Best of Toronto 2013: Mais Darwazah's <i>My Love Awaits Me by the Sea</i>

In her latest project, Palestinian filmmaker Mais Darwazah decides to fall in love, and through that love, show the homeland she also discovers for the first time.
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"He was a bird in love with a fish, separating them was the thin line of water, which they broke together for just one kiss. This is their brief story. Between one kiss and another their life took its course; in the sea lived a fish and in the sky lived a bird." -- from "The Fish and the Bird" by Hasan Hourani (1974 - 2003)

I think anyone who has ever experienced injustice in their own life can find a way to identify with the Palestinian cause. My own loyalty may have a lot to do with personal feelings of displacement, though it's a displacement decided by my parents, not by a political coalition. I also deeply believe it all boils down to a question of basic, simple and undeniable human rights. At this stage, even the Israelis are aware that their Zionist vision from the 19th century is outdated, unsustainable, nearly bankrupt and just plain wrong. How can you expect to live in peace and harmony over the blood and bitter tears of an entire people. Sure, it's the Promised Land, but has God really done so right by His people so far?

In her latest project My Love Awaits Me by the Sea, Palestinian filmmaker Mais Darwazah decides to fall in love, and through that love, show the homeland she also discovers for the first time. Yet it's not an average love story that Darwazah settles for, rather the romantic, poetic notion of love as freedom. As she imagines a talk between her and "The Bride of the Sea" -- the port of Jaffa which represents the most tragic image of the 1948 Nakba for Palestinians -- she recounts "When I asked you what freedom meant, you said it's when one no longer feels lonely. But you asked me to find love and live it in full, even if it was illogical or impossible."

And exactly that, illogical and impossible is her love for Hasan Hourani, an artist and poet who died years before the start of Darwazah's voyage. Hourani, originally from Hebron but educated in the US as well, drowned in the very sea of Jaffa, trying to save his nephew who, like him, could not swim. A day of spiritual and physical escape from Ramallah, across the "Green Line" to the sea forbidden to Palestinians turned into his last day. Another case of borders, demarcations killing people.

Hourani himself has become a symbol of what it means to be Palestinian, living in the occupation. The emotions of love, safety and community are replaced by animosity, insecurity and distrust. And yet his poetry and illustrations are so heartbreakingly romantic that one is lead to believe that the only way to truly feel is to suffer. To be Palestinian is a lot like finding yourself a bride left by the love of your life, at the altar. In that very public, split second gone are your welfare, reputation and heart. But all around are people telling you it's your fault and you should get over it.

Darwazah's idea to equate her journey through her homeland with a lover's journey through their affair is genius. Palestine is a place that, once you've experienced it -- both its undeniable heartbreak and its breathtaking beauty -- never ever leaves your heart. For me, there are personal stories at every turn and it was a beautiful surprise to find two of my favorite people in Nazareth featured in the film.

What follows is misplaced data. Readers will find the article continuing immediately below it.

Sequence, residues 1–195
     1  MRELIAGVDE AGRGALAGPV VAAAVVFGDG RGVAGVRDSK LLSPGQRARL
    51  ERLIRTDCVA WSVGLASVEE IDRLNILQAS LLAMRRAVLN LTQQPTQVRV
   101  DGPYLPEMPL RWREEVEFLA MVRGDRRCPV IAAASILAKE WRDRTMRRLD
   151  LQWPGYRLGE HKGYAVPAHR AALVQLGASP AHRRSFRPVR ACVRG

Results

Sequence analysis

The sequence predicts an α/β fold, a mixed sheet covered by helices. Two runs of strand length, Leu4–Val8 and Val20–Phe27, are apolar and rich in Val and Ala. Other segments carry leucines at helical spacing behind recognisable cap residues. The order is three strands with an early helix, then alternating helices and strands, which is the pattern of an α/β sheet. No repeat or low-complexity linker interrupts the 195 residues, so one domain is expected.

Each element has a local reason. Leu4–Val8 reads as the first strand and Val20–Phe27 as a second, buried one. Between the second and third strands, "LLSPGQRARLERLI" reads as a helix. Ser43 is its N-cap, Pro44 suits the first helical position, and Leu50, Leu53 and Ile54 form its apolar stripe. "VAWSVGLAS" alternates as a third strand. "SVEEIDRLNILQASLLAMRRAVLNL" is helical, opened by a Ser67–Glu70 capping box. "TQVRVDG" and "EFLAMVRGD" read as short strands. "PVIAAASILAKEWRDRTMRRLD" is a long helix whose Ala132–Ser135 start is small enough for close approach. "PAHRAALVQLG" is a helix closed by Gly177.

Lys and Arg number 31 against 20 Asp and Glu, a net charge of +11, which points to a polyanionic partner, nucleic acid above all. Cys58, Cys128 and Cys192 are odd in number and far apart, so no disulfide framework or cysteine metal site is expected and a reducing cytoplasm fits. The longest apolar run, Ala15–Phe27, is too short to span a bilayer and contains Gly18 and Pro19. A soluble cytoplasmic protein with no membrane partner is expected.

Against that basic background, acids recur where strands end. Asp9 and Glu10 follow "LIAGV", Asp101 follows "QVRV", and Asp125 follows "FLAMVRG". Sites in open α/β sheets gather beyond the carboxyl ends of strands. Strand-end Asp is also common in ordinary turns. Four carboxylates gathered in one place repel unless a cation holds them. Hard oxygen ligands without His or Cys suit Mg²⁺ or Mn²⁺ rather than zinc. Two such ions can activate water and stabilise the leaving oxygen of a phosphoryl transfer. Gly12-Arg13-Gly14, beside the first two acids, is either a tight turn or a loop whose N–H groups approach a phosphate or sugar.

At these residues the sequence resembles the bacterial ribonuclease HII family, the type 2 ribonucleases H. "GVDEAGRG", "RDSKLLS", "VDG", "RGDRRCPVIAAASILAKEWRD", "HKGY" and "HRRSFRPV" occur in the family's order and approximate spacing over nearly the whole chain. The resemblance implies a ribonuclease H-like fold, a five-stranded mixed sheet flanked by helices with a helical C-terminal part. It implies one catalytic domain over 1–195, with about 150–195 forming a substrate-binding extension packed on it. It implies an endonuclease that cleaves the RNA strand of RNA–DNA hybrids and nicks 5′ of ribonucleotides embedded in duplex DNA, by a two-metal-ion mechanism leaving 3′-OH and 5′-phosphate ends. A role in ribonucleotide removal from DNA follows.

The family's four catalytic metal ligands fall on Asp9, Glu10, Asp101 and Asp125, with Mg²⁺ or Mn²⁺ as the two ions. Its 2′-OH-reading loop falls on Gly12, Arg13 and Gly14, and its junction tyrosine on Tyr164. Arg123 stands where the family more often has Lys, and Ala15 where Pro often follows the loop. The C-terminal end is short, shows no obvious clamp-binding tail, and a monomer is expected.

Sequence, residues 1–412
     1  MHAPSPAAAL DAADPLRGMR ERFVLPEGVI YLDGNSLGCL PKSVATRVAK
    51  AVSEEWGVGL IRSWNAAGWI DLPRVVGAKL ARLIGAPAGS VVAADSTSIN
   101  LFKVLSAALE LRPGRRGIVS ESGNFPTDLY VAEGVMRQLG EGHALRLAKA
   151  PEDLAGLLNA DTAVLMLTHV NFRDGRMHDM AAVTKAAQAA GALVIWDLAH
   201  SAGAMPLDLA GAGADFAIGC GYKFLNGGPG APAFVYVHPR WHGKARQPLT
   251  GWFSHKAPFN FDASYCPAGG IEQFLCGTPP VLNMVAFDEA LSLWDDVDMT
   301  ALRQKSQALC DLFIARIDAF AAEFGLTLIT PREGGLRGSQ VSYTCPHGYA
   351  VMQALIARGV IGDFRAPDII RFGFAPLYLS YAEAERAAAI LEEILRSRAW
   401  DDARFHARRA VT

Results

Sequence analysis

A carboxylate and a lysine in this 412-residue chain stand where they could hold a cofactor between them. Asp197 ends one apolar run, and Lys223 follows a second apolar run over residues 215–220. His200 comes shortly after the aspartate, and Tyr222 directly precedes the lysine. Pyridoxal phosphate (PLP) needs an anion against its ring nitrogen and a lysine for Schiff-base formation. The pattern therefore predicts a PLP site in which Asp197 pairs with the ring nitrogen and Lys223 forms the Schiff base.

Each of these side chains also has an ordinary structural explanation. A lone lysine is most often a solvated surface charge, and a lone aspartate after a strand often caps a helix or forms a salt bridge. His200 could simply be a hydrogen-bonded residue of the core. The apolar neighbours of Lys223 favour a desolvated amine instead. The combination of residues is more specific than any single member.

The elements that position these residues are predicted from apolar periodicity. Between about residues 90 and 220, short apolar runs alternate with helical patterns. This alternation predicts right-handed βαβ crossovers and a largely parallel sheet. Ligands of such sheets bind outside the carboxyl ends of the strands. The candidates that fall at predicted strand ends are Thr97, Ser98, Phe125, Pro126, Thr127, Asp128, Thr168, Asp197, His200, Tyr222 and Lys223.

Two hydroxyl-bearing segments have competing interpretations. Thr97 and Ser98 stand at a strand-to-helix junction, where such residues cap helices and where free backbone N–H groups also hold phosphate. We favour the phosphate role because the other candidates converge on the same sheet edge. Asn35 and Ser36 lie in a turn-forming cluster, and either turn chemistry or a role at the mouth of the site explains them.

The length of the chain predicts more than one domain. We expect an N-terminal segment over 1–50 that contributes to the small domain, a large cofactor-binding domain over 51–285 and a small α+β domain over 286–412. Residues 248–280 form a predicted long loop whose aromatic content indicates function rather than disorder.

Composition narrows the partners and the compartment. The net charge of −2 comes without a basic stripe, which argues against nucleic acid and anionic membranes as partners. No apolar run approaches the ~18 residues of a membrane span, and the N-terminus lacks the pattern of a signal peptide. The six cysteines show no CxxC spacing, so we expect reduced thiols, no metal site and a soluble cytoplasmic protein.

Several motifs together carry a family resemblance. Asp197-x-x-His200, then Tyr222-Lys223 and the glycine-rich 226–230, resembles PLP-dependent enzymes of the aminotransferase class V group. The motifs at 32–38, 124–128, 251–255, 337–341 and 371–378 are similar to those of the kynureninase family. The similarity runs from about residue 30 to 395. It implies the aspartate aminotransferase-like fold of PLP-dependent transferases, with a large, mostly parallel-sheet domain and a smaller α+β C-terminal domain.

Across the monster of the occupation, there are also love stories born in Palestine every day, and one such story I experienced first hand -- that of Leila and Nael and their two beautiful children. Sitting in the courtyard of their stunning old home one magical evening, they showed me true love while I was trying to figure out mine. The couple have created a cocoon for their family to deal with the outside, to "live with the occupier" which isn't easy, as Nael states in the film. Leila's positivity, intelligence and her touching recounting of when she knew she was in love with Nael only gets interrupted in the film when Darwazah asks her "What makes you get up each day?" The look on Leila's face and her silence left me heartbroken, because I knew it was coming from a woman never at a lack for insightful comments.

Ultimately, hidden within the romantic lines of My Love Awaits Me by the Sea is a very clear vision of the region. In Palestine, nobody really feels like a stranger, because it is a land that has belonged to many and been claimed by all. Its beauty, its mystical atmosphere, the creativity of the place turned out to be its people's biggest enemies. But perhaps hope can be found, hidden in something as mundane as the film's financing. Split between support from Lebanon through AFAC and Screen Institute Beirut, Qatar through DFI, Abu Dhabi through SANAD, the US with the Sundance Institute and even Jordan and the UK through Hikma Pharmaceuticals, the film offers an insight into world relations.

And how peace can perhaps be achieved, one film, one filmmaker, one cinema lover at a time.

My Love Awaits Me by the Sea premieres at TIFF on Saturday, September 7th, in their prestigious "Discovery" section.

Image courtesy of MAD Solutions, used with permission

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